The very nice people at Groves sent me one of the Clover Stitch Guides so that I could review it, and not to spoil the ending, but I liked it so much, I ordered a few for the shop!
The principle behind the guide is simple, there are 2 interlocking parts that can be used either together or separately on your sewing machine bed to create a guide for your fabric as you sew.
There is also a small gridded square with needle holes at commonly used seam allowance distances from the edge. To set up your stitch guide, firstly place the grid under your needle, then stick the guide to the bed of your machine aligned with the edge of the grid in your chosen configuration.
The configuration below is for when you have a long seam to sew, as it will keep things in line both in front and to the back of the needle. Often when you’re using a fairly short marked line on the machine bed or the edge of your sewing machine foot as the guide for your seam allowance and then try and sew a long seam fairly quickly, you’ll get slight wobbles along the length of it as it’s difficult to steer perfectly straight using just your hands when sewing at speed and you tend to drift off and have to recover.
There are two options when sewing curves, the first, for convex curves, is shown below. The other option, for concave curves, uses the other side of the guide with the rounded side at the front of the machine which allows the seam to move nicely around the guide without distorting it (sorry I didn’t have one of them to demo!)
The next configuration is for use when top stitching. Because you generally top stitch around 1/8″ or 2-3 mm from the edge of your fabric, it can be difficult to get a normal seam guide to line up with the edge of the fabric without interfering with your sewing machine foot. The Clover guide basically has a cut out section that fits around the front of the foot to hold things at your chosen distance. Because it was a long seam, I locked the 2 pieces together, but it’s not essential. You can also switch the whole thing around to top stitch from the other side if you wish.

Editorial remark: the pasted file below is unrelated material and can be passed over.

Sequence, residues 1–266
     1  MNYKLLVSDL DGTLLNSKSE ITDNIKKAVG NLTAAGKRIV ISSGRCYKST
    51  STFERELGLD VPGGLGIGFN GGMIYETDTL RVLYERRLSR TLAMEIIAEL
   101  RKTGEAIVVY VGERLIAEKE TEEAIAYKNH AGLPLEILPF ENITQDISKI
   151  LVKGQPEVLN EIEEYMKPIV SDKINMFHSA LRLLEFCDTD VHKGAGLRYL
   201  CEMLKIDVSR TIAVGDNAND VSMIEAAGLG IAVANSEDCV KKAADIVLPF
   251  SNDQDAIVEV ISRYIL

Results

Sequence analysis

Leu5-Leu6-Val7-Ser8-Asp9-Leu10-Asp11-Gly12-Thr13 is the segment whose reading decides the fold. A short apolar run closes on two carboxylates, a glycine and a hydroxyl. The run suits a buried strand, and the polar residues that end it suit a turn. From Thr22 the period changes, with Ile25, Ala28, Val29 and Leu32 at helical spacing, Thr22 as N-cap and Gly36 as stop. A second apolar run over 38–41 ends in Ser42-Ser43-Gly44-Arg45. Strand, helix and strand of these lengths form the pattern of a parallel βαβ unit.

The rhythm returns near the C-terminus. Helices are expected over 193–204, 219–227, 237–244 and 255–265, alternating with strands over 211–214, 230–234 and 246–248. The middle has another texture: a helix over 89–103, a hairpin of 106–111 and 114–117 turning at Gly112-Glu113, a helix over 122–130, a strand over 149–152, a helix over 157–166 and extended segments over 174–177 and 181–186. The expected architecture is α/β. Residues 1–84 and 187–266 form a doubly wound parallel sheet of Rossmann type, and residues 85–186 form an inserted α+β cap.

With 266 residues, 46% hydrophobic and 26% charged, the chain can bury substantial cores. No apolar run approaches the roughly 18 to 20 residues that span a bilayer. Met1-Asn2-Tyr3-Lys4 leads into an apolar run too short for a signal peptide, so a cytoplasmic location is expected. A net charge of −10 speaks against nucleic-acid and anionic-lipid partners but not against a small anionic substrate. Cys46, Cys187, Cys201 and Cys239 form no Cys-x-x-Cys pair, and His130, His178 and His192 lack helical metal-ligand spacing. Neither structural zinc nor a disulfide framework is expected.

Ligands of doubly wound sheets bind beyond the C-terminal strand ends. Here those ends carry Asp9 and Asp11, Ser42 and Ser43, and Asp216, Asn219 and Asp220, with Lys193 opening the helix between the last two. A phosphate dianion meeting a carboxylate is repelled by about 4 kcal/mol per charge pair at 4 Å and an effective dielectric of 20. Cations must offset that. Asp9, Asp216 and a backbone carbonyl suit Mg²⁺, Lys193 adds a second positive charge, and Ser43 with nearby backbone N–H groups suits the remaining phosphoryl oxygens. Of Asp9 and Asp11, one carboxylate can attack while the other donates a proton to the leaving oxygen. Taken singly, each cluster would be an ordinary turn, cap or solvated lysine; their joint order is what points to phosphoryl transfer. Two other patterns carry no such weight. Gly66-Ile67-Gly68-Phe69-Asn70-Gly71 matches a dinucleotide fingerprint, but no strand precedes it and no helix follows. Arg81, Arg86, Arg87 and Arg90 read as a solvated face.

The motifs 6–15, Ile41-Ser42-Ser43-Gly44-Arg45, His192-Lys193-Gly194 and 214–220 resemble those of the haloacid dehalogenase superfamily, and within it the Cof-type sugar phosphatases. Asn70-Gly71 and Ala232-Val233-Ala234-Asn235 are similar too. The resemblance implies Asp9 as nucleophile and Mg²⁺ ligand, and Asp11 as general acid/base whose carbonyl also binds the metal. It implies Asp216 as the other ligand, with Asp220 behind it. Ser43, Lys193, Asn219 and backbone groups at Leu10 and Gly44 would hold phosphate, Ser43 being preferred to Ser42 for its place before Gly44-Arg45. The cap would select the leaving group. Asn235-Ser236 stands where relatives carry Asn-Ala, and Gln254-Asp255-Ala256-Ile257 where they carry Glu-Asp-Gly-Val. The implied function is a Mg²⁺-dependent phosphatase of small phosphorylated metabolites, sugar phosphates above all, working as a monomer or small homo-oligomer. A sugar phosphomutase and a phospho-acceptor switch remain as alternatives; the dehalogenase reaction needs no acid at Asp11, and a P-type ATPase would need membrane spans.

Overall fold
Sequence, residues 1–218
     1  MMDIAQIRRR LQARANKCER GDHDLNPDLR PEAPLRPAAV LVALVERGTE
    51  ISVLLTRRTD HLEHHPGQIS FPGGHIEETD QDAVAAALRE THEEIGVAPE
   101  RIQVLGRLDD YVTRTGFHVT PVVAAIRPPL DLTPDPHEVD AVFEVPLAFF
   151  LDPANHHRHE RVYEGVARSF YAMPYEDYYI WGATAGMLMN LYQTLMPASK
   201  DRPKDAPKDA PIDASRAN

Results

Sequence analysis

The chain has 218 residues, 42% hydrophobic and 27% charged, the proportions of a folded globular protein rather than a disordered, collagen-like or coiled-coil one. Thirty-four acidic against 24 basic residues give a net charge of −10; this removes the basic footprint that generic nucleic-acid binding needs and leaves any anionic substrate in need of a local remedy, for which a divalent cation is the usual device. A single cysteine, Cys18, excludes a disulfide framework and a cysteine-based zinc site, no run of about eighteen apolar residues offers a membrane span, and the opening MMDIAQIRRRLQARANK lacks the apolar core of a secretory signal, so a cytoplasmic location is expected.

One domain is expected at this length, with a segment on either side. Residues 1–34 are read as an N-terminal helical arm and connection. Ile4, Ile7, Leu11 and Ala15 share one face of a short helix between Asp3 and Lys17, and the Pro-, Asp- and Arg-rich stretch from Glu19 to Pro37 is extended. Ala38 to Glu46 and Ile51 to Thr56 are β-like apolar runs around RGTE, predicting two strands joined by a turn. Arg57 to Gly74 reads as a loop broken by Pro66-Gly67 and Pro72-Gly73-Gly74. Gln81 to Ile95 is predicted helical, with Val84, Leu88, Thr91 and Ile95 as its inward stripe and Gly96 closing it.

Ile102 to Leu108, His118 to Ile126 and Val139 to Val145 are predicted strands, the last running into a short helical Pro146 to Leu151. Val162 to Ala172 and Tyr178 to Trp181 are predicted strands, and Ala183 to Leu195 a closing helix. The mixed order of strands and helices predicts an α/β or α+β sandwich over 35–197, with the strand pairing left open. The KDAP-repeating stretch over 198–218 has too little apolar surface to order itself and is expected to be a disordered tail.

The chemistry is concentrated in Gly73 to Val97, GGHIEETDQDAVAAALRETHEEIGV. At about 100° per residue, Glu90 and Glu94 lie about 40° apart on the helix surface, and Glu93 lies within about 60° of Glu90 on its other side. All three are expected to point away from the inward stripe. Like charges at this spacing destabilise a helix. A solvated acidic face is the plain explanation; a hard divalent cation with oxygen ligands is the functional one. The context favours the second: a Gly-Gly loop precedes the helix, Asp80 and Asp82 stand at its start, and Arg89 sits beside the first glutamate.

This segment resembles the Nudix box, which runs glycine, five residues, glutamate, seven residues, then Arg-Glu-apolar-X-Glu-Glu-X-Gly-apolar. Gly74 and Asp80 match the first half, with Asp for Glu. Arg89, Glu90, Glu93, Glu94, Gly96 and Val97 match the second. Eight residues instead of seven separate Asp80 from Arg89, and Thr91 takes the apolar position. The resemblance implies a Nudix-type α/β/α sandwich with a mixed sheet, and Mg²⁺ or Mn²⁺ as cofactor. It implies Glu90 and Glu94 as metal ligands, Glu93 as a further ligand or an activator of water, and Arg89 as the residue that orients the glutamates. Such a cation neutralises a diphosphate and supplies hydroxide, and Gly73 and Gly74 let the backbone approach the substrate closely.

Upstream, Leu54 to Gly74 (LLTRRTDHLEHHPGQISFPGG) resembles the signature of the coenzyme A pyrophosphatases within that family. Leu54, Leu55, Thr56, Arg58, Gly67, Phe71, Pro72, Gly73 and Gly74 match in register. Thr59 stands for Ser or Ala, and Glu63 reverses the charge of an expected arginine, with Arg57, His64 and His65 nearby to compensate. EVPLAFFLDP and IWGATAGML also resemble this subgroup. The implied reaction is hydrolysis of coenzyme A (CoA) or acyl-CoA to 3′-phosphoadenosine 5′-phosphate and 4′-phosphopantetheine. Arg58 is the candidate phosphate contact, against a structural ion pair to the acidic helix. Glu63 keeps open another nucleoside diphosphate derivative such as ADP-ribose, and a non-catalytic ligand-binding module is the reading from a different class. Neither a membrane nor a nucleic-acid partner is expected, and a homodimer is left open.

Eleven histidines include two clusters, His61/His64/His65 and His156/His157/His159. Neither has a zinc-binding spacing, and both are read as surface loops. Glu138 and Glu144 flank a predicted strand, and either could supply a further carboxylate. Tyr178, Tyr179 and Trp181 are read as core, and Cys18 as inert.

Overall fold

This final configuration is probably my most favourite – using the 2 pieces of the guide on either side of a strap to keep the top stitching straight and even. You can see that in this setup I’m using the cut out on the guide to allow the top stitching to be close to the edge of the strap, and by having the 2 guide pieces aligned it keeps things nice and stable as I work my way around. For this setup I aligned the right hand guide piece first, then popped the strap in place and put my needle down to keep it in place, then I stuck the second piece of the guide down.
In conclusion, I think this guide is perfect for my bag making, and would also be useful for things like clothes, home furnishings, soft toys etc.
I probably won’t use it for quilt piecing because I found it quite difficult to get a super precise small seam allowance measurement with it, and I definitely won’t be using it with any of my vintage machines because it uses a sticky tape like adhesive (which can be refreshed) and I would be worried about it removing the clearcoat which protects the paint.
If you want to try one yourself, I have a limited supply in the shop here.
I can see how this would definitely be helpful in bag making. Thanks for such a detailed and clear review/demo. I’m sure I would have overlooked some of its’ benefits unless I had been looking for something to solve that particular challenge.
How does it stick to your machine bed?
Never mind – ignore my question. I should read more carefully before I comment. Thanks for the review!
Love this – I’ve just had to unsew loads of seams as the seam allowance was out – I’ve ordered one, thanks